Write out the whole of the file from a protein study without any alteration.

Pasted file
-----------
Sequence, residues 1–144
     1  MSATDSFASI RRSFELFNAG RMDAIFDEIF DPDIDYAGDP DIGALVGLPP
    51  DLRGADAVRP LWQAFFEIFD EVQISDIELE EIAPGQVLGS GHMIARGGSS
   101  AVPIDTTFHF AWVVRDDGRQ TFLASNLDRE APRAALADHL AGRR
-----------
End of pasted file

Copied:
Sequence, residues 1–144
     1  MSATDSFASI RRSFELFNAG RMDAIFDEIF DPDIDYAGDP DIGALVGLPP
    51  DLRGADAVRP LWQAFFEIFD EVQISDIELE EIAPGQVLGS GHMIARGGSS
   101  AVPIDTTFHF AWVVRDDGRQ TFLASNLDRE APRAALADHL AGRR